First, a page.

So far in my education career I have only met differential equations as small parts of courses on other stuff. Solving special cases as part of calculus, solving simple systems as a part of linear algebra. This coming semester I'm going to have two courses devoted entirely to differential equations, so I thought I would try to gain some understanding that isn't purely mechanical.

Here's an example I have some questions about.

This is example 10.2.1 from 'KALKULUS' (3rd edition) by Lindstrøm. The translation is mine. The part where the differential equation is solved has been removed.

An animal population consists today of $P$ animals and has a growth rate $r$. How big is the population in $t$ years?

Let $y(t)$ be the population size after $t$ years. In the time between $t$ and $t+\Delta t$ the population increases from $y(t)$ to $y(t+\Delta t)$, i.e. an increase of $y(t+\Delta t)-y(t)$. We can also derive this increase in another way: The growth rate is $r$, which means that the population increase per time unit is $ry(t)$. During a small time interval from $t$ to $t+\Delta t$ the population increase is approximately $ry(t)\Delta t$, an approximation that gets better with smaller $\Delta t$'s. If we equate these expressions, we get

$$y(t+\Delta t)-y(t)\approx ry(t)\Delta t$$

Dividing by $\Delta t$, we get

$$\frac{y(t+\Delta t)-y(t)}{\Delta t}\approx ry(t)$$

Letting $\Delta t$ go towards zero, this gives


Thus we have a differential equation that $y$ has to satisfy:


NOTE: We could have gotten this differential equation faster by using the fact that the growth rate $r$ by definition means that $y'(t)=ry(t).$ We have chosen the more elaborate approach because it shows a general thought process which can be used in several situations.

  1. Why is the population increase approximately $ry(t)Δt$ during a small time interval from $t$ to $t+Δt$?

  2. How is this thought process different than using the definition? In the real world it has been observed that the growth of a population tend to depend on the size of the population, so you want the change in population to depend on its size. In the language of calculus one way to write this out is $y'(t)=ry(t)$. What's the advantage of going through the more elaborate reasoning?

  • $\begingroup$ The elaborate reasoning above is just the reasoning that gives your $y'(t)=ry(t)$. Once you know this, you generally don't need to elaborate reasoning. $\endgroup$ – Thomas Andrews Dec 25 '13 at 15:13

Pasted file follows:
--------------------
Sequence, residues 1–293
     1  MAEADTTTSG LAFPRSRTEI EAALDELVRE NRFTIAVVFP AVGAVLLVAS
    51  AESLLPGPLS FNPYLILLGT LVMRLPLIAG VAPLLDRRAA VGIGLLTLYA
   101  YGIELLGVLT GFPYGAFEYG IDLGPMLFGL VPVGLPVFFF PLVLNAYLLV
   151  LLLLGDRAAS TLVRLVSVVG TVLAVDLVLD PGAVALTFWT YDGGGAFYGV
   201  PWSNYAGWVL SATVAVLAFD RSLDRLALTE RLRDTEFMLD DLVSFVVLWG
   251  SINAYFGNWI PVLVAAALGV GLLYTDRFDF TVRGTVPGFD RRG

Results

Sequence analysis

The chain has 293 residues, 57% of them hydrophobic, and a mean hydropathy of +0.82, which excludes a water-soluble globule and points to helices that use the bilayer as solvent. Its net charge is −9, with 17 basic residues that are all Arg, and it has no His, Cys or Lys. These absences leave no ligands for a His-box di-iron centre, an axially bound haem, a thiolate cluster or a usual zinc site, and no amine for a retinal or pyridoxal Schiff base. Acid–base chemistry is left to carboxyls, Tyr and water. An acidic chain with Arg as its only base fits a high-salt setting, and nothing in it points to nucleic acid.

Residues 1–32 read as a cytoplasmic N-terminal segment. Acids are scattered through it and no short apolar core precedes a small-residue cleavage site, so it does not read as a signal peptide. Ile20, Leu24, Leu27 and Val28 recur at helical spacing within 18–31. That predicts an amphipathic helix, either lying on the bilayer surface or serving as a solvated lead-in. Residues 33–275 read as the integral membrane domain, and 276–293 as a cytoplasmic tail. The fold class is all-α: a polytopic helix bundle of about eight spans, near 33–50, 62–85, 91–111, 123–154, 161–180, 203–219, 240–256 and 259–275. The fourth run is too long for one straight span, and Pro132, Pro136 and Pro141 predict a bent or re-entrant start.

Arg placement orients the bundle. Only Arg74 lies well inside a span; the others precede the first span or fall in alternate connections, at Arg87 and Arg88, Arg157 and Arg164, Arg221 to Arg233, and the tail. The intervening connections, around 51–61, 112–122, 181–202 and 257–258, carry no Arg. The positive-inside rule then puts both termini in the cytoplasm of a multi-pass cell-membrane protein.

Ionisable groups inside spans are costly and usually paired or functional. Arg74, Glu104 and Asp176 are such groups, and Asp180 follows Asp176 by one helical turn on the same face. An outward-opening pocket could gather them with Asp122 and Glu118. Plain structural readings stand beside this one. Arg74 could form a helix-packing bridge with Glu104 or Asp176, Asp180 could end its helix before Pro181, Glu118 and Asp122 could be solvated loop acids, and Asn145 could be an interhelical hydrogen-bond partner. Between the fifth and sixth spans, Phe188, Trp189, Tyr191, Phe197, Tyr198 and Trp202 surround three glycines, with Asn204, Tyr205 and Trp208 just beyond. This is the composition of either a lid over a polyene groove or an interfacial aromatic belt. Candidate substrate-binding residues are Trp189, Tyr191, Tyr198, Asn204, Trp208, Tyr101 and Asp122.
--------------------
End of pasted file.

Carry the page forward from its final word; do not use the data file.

This is not a question about differential equations, but a question about mathematical modeling. What you call "elaborate reasoning" is the thought process that leads from an observed phenomenon to the differential equation that describes it "in the limit". Note that the number $y$ of individuals in your population in reality is an integer at all times, and that you are counting them just once a year. But at the end of this thought process you have a differential equation that involves a real-valued function $t\mapsto y(t)$ of the continuous (i.e. real) variable $t$, and you are convinced that you have derived a "law of nature".

You are given a certain system, say a Petri dish containing an amount $y$ of bacteria. This amount will increase with time, so we have a certain function $t\mapsto y(t)$ that we would like to understand. Of course we can make hourly or even more frequent measurements and plot the results on graph paper. Connecting the data dots we obtain a nice curve. Can we somehow explain the shape of this curve?

Naturally we have some ideas about the reproduction process of these bacteria. The idea is the following: A bacterion living at time $t$ will, independently of its present age, in the next second split into two copies of itself with a certain very small probability $p\ll 1$. If there are $y(t)$ bacterias at time $t$ we therefore can expect $(1+p)y(t)$ of them one second later, and as $p^2$ can be neglected with respect to $p$ we shall see $(1+2p)y(t)$ of them two seconds later, $(1+3p)y(t)$ of them three seconds later, and so on. It follows that $$y(t+\Delta t)-y(t)\doteq p\>y(t)\>\Delta t$$ for reasonably small $\Delta t$, or that $${y(t+\Delta t)-y(t)\over\Delta t}\doteq p\>y(t)\qquad(|\Delta t|\ll1)\ .$$ (The numerical value of $p$ depends on the chosen time unit, "seconds" in our example.)

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  • $\begingroup$ Thank you for your reply. I'm having trouble with the last step though, I don't understand where the $\Delta t$ in $py(t)\Delta t$ comes from. What does multiplying with $\Delta t$ actually mean in this context? $\endgroup$ – john.abraham Dec 26 '13 at 12:36
  • $\begingroup$ @john.abraham: $\Delta t$ was $1$, $2$, and $3$ seconds in the immediately foregoing text. $\endgroup$ – Christian Blatter Dec 26 '13 at 12:55

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